I've spent nearly two decades honing my suitcase-packing skills. But traveling with a four-month-old for four weeks, and visiting several cities with very different weather, required an almost maniacal level of packing organization. Two days into the trip, I realized I'd forgotten lots of things: bottles for pumping, a towel for the baby, more short-sleeved onesies for warmer climes, and something I could wear on television that wasn't a maternity dress.
A week in, I bought an extra suitcase at Target and packed it with all new stuff. Then, at LAX, the curbside check-in folks placed all my luggage on the conveyor belt without tags. Unsurprisingly, it wasn't there to greet me on the other side. I had a television demo the next morning at 7 a.m., and my clothes were conveniently packed away in my lost luggage. Thankfully, the bags arrived safely the next morning at 5:30 a.m., but after that I started packing my dress, heels, two steel comales, and my salsa display items in my carry-on. It was heavy as hell, but I couldn't chance my stuff being lost again.
4. It takes a village
A lot of people asked me whether I had someone taking care of the baby on the tour. My answer: It'd be impossible to do this without help. Even if the baby hadn't been there, I needed someone to help me cook for 40 people in San Diego (props to my brother Chris, who did everything from cook to entertain the baby while I sweated over chicken tinga); to help me prep two fairly complicated dishes for a TV show in three hours; to help me find, in my limited time, a place to buy fresh tortilla masa made with nixtamal; and to shop for ingredients. My family and my husband helped with all of those details. And they kept me sane when I asked myself, for the thousandth time, "Why did I think I could tour with an infant? WHY?!"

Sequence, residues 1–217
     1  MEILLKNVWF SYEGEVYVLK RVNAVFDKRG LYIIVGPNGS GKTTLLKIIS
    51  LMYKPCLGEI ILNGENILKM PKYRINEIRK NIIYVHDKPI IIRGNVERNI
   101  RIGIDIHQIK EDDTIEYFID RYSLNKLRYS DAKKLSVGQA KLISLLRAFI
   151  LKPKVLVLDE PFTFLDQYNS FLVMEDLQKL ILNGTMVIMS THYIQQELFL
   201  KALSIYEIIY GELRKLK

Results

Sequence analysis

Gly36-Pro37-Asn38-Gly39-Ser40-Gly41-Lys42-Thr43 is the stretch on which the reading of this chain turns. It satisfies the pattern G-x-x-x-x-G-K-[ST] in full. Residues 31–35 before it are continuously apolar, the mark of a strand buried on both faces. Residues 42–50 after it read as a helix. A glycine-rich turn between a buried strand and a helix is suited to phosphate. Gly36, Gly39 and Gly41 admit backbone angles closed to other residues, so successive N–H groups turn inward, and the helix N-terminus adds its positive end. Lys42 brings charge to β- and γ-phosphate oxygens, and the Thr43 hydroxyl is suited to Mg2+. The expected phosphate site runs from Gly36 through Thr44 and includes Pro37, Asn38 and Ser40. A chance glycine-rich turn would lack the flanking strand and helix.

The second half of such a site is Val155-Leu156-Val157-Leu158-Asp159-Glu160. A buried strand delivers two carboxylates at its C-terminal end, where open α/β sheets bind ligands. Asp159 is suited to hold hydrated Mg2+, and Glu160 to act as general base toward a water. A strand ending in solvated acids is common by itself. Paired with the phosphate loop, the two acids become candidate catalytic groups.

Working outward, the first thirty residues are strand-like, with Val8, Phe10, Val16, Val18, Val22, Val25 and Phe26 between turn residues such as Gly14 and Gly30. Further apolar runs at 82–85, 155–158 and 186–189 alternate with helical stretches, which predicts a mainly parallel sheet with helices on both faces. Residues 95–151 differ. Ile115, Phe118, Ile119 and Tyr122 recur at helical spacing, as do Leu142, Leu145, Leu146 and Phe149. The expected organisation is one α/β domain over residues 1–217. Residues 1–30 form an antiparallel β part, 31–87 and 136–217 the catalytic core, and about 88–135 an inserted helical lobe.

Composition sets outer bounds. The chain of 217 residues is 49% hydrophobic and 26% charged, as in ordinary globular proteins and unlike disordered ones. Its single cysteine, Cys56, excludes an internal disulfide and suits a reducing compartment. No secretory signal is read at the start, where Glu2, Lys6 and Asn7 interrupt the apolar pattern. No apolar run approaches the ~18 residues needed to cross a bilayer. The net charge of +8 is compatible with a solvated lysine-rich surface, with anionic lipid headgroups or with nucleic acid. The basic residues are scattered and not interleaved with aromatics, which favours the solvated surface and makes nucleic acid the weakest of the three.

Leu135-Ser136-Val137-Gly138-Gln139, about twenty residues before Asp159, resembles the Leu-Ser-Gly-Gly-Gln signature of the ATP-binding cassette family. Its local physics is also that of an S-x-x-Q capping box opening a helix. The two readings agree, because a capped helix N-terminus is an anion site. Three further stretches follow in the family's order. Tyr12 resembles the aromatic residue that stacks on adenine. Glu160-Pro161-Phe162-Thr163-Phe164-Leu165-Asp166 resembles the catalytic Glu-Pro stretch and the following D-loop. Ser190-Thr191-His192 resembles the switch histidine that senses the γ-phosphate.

Promoting the tour was a part-time job, too. I was criss-crossing the West Coast, but if nobody knew where I was, none of it mattered. So, in every city, I found someone who believed in my work and could help promote my events. My friend José Ralat killed it in Dallas by helping me sell out a discussion on the past and future of the city's taco scene. My friend Rebecca in the Bay Area mass-emailed her friends and got more than a dozen people to my book party at Cosecha in Oakland. And there were others in Portland, Phoenix, San Diego, and beyond. The book's publicist, Ron, set up media interviews and sent updated schedules as the tour chugged along . My assistant, Kate, updated the book website with media mentions and took care of pending details.
5. It's exhausting, yes. But it's also exhilarating and moving
There were countless times when I found myself ready to fall on the floor after cooking all day on only four or five hours of sleep. Then I'd find myself at a signing event, talking to someone who'd never liked cactus until she tried my ensalada de nopales. Or chatting with a woman who was also Mexican-American and didn't speak Spanish and had always wanted to learn how to cook Mexican food. Or greeting a group of seven women who loved my blog and had driven to my event in Napa with a container of homemade salsa. And then there was the time Gigi, a student in my San Antonio cooking class, woke up at 6 a.m. to bring me Mexican cuernitos from a local bakery before my flight took off.
The book tour honored my years of work in conceiving, researching, and writing the cookbook—a fact that I hadn't acknowledged because I was busy giving birth, taking care of a colicky newborn, checking in with my tourism business, and then planning the tour itself. Writing a book had been my dream, yet I hadn't found time to tell myself: I f#&ing wrote a book. I DID IT! The people I met reminded me that I had indeed done it, and in a way that resonated with them. On my best days, I remembered that I would never be on my first book tour again, and that there'd been so many beautiful moments—showing my niece how to place a raw corn tortilla on the comal; staring out at the packed house in Dallas; the sign outside my hometown Barnes & Noble with my name on it. It also helped to sneak lots of peeks at Eat Mexico's Amazon page, where the little yellow tag glowed for a few weeks: #1 best-seller in Mexican Cooking.